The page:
[pp.int.general] IBM Smarter Traffic in Stockholm

Nicolas Sahlqvist nicco77 at gmail.com
Tue Mar 9 15:01:31 CET 2010

Hi Fabio,

This discussion was on the topic last November:


were however no word from PPSE, I tend to think they were too busy with
other issues rather then a lack of opinion.

There are similar systems such as the "Section control" system in Rotterdam
and the "Congestion Zone" in London where speed and insurance issues are
identified via the speed cameras as you can read in the old thread. These
systems could of course be connected to future surveillance systems such as
INDECT and that would be the beginning of the real surveillance state in my
opinion although projects for tracking every car with GPS such as in NL are
in stasis at the moment as Reinier pointed out. They would just blame it on
a suitable EU directive etc. that exists or will soon why we have to stop
projects like INDECT now!


Feel free to join our recently created INDECT Taskforce to discuss it
further, just drop a mail to indect-tf at pp-international.net.

- Nicolas
  PPI Member

On Tue, Mar 9, 2010 at 1:24 PM, Fabio Reinhardt <fr at piratenpartei.de> wrote:
On Tue, Mar 9, 2010 at 1:53 PM, Reinier Bakels <r.bakels at planet.nl> wrote:

> Hey you guys,
>> I 've just seen IBM commercials advertising the IBM traffic "solution"
>> in Stockholm. It says that every license plate is fotographed as the
>> car enters the city. Here is the movie and the comcept:
>> http://www.youtube.com/watch?v=33T7VxT2O40
>> http://www.bitkom.org/files/documents/Presentation_Krogdahl_IBM_08_11_07.pdf
>> Well, first I would like to know what you think of that and if the
>> Swedish Pirate Party has been focusing on that topic lately. Then,
>> what bigger implications does it have for solutions to the traffic
>> problems all over Europe (and further) - I am thinking on the
>> Netherlands where the cars are supposed to be completely monitored
>> soon - and are there approaches to think of systems that do not rely
>> on surveillance? If - of course - I didn't missunderstand something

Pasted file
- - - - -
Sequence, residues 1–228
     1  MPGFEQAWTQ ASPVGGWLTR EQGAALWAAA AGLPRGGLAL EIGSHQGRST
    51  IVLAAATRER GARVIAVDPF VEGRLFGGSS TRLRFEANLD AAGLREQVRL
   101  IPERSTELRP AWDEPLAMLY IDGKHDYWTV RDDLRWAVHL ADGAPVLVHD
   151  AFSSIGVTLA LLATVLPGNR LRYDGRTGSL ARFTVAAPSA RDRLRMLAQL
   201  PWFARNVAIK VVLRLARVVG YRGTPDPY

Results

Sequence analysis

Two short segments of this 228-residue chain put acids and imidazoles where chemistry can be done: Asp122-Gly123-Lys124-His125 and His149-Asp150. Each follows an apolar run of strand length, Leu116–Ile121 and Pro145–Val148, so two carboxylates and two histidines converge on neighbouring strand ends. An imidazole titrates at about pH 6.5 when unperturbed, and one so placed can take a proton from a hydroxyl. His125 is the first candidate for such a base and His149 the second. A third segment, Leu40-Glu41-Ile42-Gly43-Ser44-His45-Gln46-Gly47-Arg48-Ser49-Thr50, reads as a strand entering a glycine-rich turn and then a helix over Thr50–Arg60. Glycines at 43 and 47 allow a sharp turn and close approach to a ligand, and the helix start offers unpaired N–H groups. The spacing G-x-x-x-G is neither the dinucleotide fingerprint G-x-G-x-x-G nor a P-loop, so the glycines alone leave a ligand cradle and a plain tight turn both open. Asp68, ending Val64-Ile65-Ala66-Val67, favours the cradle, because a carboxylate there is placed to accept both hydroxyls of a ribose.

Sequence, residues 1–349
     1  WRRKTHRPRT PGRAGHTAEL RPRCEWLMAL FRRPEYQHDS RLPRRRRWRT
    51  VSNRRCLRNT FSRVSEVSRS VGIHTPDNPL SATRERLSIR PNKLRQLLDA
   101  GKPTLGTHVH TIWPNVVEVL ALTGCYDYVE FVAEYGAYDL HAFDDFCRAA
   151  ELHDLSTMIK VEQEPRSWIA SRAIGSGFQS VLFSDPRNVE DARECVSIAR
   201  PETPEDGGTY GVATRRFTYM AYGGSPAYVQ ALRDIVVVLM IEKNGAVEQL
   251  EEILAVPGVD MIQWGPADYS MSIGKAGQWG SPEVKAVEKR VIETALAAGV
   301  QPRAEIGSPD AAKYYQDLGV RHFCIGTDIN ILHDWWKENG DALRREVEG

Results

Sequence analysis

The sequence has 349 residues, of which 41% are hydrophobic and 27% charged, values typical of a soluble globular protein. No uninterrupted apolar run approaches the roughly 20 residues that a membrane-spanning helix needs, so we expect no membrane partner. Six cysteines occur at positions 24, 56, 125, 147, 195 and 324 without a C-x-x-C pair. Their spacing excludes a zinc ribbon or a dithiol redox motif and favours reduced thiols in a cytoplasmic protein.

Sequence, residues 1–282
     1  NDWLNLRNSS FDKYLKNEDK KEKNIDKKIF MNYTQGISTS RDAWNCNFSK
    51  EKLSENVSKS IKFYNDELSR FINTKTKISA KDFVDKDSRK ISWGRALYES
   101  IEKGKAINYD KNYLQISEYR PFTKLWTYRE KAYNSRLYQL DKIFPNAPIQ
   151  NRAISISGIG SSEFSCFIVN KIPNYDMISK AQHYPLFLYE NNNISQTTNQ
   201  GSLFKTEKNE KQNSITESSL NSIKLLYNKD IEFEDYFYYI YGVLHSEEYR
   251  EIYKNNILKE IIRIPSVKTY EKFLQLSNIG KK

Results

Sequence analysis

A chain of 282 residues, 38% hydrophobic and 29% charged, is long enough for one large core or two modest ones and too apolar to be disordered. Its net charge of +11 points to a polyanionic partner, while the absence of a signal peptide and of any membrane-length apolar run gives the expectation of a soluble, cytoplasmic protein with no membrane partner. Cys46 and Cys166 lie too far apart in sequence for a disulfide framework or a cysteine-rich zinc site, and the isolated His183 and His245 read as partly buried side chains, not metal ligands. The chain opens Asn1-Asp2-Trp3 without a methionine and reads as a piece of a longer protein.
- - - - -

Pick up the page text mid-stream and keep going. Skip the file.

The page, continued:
>> and the Swedish Pirates are actually fine with it.
>> Cheers,
>> Fabio from Germany
>>  On the Dutch situtation:
> - Dutch road pricing plans lately became ever more politically
> controversial. And now that the government resigned, the system is unlikely
> to be implemented anytime soon. Note that the road pricing project did not
> intend to follow the whereabouts of people (but admittedly one never knows
> the real, covert purposes). Road pricing intended to incite people not to
> use the road during rush hour unless necessary, and to make taxation more
> honest, based on the actual use of roads rather than the possession of cars.
> Not everybody trusts tthe government to be honest though: cars traditinally
> always were a cash cow for taxation. The benefit (for the government) is the
> low "elasticity": people don't stop using cars if taxes increase.
> Anyway, people imho don't need monetary incentives to avoid traffic jams:
> they do so anyway.
> - Recently there was turmoil because the police kept photographs of licence
> plates longer than allowed by law. The (now resigned) Minister of the
> Interior simply proposed to chaneg the law. (She is one of the winners of
> this years'Dutch "Big Brother" prizes).
> - In the past years, Dutch police chiefs voiced various plans for
> "electronic moats", to monitor everyone entering and leaving big cities. In
> my opinion, not just these plans are awkward, but the police chiefs
> fundamentally should *execute* laws, not *propose* laws, in a state that
> claims not to be a police state.
> Perhaps we should look at it from the positive side: any plans for systems
> to reduce traffic burden/and or more "honest" car taxation are bound to fail
> if people don't trust the government an believe such projects are just a
> pretext to implement systems to monitor people constantly.
> ____________________________________________________
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